Patient advocates can help their clients solve medical mysteries because they can spend more time on research than most primary­-care physicians. When Aimé-Juedes met Bert Winemiller, she wondered if he had a respiratory problem. He had been coughing and wheezing for five years. A primary-care doctor ran respiratory tests and told him he was weeks away from dying because his lungs were delivering barely enough oxygen to keep him alive.

When Aimé-Juedes examined his medical records, she discovered that a heart-function indicator had risen over time. Yet five years later, Winemiller still was taking drugs for cardiomyopathy based on the initial low number in 2006. A side effect of those medications was respiratory problems.

Tests confirmed he never had cardiomyopathy. A cardiologist told him to stop taking the heart medications. His respiratory problems vanished. “Fortunately this misdiagnosis was caught,” says Winemiller, “and I stopped taking the medications that I never needed in the first place.”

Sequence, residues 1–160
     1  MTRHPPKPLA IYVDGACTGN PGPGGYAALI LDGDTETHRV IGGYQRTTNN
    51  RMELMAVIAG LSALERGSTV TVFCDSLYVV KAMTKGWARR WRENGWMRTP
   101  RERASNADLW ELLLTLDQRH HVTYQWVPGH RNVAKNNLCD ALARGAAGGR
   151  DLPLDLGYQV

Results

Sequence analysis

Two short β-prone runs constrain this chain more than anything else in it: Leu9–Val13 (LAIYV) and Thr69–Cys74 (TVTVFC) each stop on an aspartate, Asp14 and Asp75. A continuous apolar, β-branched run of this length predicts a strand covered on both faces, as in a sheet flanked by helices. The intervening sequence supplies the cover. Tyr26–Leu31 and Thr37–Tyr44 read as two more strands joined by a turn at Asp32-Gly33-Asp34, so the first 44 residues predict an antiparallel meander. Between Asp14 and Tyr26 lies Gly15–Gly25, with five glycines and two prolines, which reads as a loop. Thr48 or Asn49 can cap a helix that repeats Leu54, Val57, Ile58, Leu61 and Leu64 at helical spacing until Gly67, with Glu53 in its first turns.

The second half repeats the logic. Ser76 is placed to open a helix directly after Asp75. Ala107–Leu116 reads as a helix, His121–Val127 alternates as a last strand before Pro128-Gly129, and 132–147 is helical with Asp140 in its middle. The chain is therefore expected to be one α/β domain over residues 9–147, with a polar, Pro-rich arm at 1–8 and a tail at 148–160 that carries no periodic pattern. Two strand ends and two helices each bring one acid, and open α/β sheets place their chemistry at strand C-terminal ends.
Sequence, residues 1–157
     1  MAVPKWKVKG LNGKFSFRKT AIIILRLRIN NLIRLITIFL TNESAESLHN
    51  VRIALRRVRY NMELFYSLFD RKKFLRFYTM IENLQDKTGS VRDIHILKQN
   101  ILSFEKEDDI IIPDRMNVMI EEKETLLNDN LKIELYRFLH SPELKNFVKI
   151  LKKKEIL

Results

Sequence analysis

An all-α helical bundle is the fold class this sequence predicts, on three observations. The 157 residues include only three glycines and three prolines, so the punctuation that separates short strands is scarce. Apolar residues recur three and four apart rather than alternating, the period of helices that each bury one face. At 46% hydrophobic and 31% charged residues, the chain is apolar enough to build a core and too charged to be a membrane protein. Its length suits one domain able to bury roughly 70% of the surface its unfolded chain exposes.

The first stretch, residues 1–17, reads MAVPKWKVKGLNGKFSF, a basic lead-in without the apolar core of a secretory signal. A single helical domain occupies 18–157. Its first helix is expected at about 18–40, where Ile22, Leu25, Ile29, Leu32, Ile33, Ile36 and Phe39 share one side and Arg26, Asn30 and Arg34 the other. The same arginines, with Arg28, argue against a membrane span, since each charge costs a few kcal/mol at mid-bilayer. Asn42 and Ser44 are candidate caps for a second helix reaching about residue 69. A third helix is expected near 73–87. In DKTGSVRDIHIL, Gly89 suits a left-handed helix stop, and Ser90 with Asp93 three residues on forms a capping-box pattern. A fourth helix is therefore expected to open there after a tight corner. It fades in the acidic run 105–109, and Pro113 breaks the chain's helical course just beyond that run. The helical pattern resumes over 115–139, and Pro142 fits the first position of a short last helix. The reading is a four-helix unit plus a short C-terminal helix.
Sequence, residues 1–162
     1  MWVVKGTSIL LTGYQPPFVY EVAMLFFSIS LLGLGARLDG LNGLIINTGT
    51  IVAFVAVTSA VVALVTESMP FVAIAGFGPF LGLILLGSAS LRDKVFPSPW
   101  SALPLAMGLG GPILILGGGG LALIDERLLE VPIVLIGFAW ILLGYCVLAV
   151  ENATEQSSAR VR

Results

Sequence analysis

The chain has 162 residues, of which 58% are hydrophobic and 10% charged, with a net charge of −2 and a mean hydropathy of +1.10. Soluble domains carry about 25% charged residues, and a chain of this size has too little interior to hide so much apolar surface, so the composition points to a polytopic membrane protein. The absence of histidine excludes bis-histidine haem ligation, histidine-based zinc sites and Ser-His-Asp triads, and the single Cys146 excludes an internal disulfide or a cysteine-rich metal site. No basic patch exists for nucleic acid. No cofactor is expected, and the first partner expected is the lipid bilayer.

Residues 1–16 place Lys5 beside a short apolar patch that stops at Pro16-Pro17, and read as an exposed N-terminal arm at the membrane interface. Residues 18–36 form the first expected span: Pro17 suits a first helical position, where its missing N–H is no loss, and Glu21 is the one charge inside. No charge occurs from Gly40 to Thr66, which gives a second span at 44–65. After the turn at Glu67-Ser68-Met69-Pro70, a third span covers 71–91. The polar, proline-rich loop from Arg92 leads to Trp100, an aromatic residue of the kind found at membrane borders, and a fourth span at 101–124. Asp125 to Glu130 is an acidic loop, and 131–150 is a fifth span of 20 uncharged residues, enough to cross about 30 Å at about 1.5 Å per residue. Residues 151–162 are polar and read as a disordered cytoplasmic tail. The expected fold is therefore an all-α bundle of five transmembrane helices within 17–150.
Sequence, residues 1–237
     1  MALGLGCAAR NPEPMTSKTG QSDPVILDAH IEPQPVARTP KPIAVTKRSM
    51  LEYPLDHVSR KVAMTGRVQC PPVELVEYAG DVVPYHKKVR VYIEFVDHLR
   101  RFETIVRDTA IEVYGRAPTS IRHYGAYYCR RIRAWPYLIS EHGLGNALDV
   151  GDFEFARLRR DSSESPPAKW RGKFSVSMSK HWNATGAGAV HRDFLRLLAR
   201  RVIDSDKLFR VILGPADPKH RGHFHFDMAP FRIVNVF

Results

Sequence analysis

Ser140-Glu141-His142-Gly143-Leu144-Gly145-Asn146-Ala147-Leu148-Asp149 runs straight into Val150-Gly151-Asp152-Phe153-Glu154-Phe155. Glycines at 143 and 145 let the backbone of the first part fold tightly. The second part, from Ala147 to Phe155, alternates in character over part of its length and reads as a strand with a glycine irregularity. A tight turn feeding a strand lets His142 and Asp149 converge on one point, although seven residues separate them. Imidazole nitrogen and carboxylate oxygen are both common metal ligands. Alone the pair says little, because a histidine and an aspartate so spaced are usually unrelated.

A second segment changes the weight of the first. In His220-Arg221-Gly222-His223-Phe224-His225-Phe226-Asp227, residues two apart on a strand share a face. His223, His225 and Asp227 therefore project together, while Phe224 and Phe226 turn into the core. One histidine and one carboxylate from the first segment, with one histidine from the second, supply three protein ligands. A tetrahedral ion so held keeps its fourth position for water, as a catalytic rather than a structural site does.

He considers himself lucky to have met Aimé-Juedes.

“Mary saved my life.” 




Finding an Advocate

Before hiring a health care advocate, you’ll want to make sure the person’s background fits your needs. Some questions to ask:
  • Have you handled cases like mine before?
  • What would you typically do for someone in my situation?
  • What is your background and training?
  • How long will it take to perform the services I need?
  • What do you charge? How do you charge?
  • Do you have references?
  • Do you provide written reports?
  • What are your hours?
  • How do you communicate with clients?
To find patient advocates in your area, check out these directories:

• National Association of Healthcare Advocacy Consultants
• AdvoConnection



Sandra Yin is a freelance writer based in Rockville, Md. She has written for many publications, including The New York Times and The Chronicle of Higher Education.